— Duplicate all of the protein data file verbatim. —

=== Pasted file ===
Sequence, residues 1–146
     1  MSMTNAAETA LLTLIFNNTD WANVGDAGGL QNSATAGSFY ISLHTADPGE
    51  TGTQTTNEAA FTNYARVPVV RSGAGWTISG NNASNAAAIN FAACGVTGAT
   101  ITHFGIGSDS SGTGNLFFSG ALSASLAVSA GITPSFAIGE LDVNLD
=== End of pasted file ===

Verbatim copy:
Sequence, residues 1–146
     1  MSMTNAAETA LLTLIFNNTD WANVGDAGGL QNSATAGSFY ISLHTADPGE
    51  TGTQTTNEAA FTNYARVPVV RSGAGWTISG NNASNAAAIN FAACGVTGAT
   101  ITHFGIGSDS SGTGNLFFSG ALSASLAVSA GITPSFAIGE LDVNLD